EV purchase profiles in major publications such as The New York Times point out that affluent households retain at least one internal combustion vehicle for long-distance travel.

New Internal Revenue Service income limits for the federal $7,500 electric-vehicle tax credit kicked in on 1 January this year. Those with an adjusted gross income of $150,000 for individuals and $300,000 for joint filers can no longer claim the tax credit.


Brand loyalty for cars, SUVs, and trucks could be a casualty of EV competition. Especially when it comes to availability. As more EVs enter the market, car makers realize that customers are willing to consider new brands, even turning away from dealers they've frequented for decades. A recent report in The Wall Street Journal says that has to do with EV scarcity. 

According to data from J.D. Power, there are currently 53 electric vehicles on the market or soon to be rolled out, compared with 625 car models sold in the United States


Cautions were raised recently by National Transportation Safety Board Chairwoman Jennifer Homendy about the weight and size of EVs. "I'm concerned about the increased risk of severe injury and death for all road users from heavier curb weights and increasing size, power, and performance of vehicles on our roads, including electric vehicles," Homendy said in remarks delivered Wednesday in Washington, D.C.  

Electric vehicle batteries are heavy and expensive, and automakers can charge more for larger cars. Homendy called out General Motors Co.'s GMC Hummer EV as a particularly egregious example of the trend toward more oversized, heavier vehicles, noting it tips the scales at more than 9,000 pounds.

"The battery pack alone weighs over 2,900 pounds — about the weight of a Honda Civic," she said. "That has a significant impact on safety for all road users."

The transport safety regulator also mentioned that Ford's F-150 Lightning pickup is as much as 3,000 pounds heavier than a non-electric version of the same truck and that Ford's Mustang Mach-E and Volvo's XC40 EV weigh about 33% more than gas-powered equivalents. (Bloomberg)   


Follow the money.

The White House has invested about $135 billion in electric vehicle development and creation and will now make available $350 billion in federal loans and loan guarantees for energy and automotive projects. In addition, tax credits included in the recently passed Inflation Reduction Act provide incentives for consumers to buy EVs. 

Manufacturers require financial help as they transition to an indeterminate future with no guarantee of success. Federal and state regulations get baked into any assistance, including which vehicles qualify for tax credits. 

General Motors, which announced a plan to sell only zero-emission cars and trucks by 2035, spent $9.1 million on federal lobbying in 2022; Toyota $6 million; Ford $4.2 million; Stellantis $3.9 million; Honda $2 million; and Telsa $400,000.

According to GM's public statements, government subsidies may be the only way the company can make decent margins on electric vehicles over the next three years. (Heard on the Street)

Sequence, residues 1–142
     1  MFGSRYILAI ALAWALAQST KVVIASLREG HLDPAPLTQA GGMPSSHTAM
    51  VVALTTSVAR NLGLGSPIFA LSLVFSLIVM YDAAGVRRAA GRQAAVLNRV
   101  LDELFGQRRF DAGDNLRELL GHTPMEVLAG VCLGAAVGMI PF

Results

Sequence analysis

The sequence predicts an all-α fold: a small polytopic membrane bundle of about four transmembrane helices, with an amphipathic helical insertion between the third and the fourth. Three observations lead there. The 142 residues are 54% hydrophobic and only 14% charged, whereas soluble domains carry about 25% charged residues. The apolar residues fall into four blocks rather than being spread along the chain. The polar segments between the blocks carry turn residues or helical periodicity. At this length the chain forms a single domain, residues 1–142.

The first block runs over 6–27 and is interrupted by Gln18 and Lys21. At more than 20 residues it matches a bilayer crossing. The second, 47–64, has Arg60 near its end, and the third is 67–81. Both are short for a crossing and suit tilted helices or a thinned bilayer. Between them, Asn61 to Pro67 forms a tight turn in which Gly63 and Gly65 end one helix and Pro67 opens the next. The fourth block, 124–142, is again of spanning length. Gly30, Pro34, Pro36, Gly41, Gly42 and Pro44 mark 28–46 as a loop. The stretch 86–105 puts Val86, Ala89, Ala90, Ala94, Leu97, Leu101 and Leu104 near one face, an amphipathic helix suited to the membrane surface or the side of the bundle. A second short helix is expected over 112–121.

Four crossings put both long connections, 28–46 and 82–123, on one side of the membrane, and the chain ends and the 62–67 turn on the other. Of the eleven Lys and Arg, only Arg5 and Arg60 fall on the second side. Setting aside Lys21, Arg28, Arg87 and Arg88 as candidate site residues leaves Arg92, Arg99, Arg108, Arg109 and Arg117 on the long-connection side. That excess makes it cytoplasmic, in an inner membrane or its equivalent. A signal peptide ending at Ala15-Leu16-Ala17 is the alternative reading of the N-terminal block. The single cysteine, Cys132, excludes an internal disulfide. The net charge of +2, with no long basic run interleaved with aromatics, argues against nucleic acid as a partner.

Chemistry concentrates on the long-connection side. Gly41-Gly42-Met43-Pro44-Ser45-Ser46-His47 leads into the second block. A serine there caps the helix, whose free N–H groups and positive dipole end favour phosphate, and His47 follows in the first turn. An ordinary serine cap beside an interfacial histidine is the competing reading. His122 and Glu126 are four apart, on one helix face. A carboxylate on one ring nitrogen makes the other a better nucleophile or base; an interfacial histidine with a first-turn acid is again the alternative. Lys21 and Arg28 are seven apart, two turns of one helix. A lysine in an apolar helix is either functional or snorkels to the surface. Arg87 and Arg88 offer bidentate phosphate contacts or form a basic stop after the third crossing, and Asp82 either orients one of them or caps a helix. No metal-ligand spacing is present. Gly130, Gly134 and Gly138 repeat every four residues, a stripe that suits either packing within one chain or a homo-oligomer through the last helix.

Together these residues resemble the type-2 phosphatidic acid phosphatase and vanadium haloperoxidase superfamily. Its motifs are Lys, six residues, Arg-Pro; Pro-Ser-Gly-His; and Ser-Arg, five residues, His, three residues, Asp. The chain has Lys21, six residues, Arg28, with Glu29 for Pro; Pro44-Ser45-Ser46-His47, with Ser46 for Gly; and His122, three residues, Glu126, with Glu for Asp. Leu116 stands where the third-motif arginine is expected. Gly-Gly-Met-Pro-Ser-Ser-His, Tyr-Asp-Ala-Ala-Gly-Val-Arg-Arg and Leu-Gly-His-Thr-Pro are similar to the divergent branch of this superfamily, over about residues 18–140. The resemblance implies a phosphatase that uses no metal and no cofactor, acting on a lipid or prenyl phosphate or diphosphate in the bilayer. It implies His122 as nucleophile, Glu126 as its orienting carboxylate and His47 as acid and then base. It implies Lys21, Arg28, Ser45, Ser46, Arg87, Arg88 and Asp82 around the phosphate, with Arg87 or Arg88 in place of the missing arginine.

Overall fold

Margins rather than volume are driving the General Motors business plan, with vehicles like the GMC Hummer EV2 ($80,000), Cadillac Lyriq SUV ($60,000), and Chevy Silverado ($50,000 work truck version with higher-end prices for personal use), leading the way. Some refer to GM as "Elite Motors," with many of its current customers unable to purchase high-end products, ICE or EV. 

Chevy Silverado EV (C) Electrive.com 

From 2016 to 2022, half of the foregone revenue associated with the plug-in EV tax credit went to corporations claiming the credit. Nearly 80% of individual tax credits were claimed by filers with adjusted gross incomes (AGI) of $100,000 or more. About 7% of credits claimed were on returns where the AGI exceeded $1 million. (Joint Center on Taxation, U.S. Congress)  The handouts aren't free, as the cost of government largesse ultimately falls on U.S. taxpayers.

S Curve

One way to understand EV innovation and adoption is to see these proposed changes through the S Curve lens:

Everett Rogers’ work is important because it emphasizes that the innovation itself is not the only determinant of its ‘success’. There must also be communication channels, time and a social system in place to enable the innovation to be used and adopted more and more widely. Rogers also identifies the different categories of adopters: innovators, early adopters, majority (further subdivided into early and late) and laggards. (Boston University).

A spirit of ingenuity has yet to be fully tapped. As a result, more time is needed to see how technology and innovation contribute to reducing mobility costs. 

Disappointingly, what the government sets in motion often fails to achieve its aims. Only 23% of power generation projects in the U.S. seeking grid connection from 2000 to 2016 were built. Wind completion was 20%, and solar was 16%. (Lawrence Berkeley National Laboratory)

While momentum builds toward electrification, numerous S Curve constraints are waiting around the bend:
  • Customer Acceptance
  • Charging infrastructure
  • Chip shortage
  • Battery shortage
  • ICE job losses
  • Reliance on rare-earth materials
  • The strain on the electric grid


Toyota Motor Corp. President Akio Toyoda says he is among the silent majority questioning whether electric vehicles should be pursued exclusively. Hybrids now account for 30% of the standard passenger vehicles sold in Japan. 

Toyoda, who is stepping down as CEO on 1 April of this year to become board chair, notes the world's largest car manufacturers are underwriting commitments to electric vehicles with profits from combustion engine sales. 

How risky is a once-in-a-century vehicle transformation with a single EV option? 

Mark Twain, one of Nikola Tesla's best friends, offers this advice--

"What gets us into trouble is not what we don't know. It's what we know for sure that just ain't so." 


© Bredholt & Co.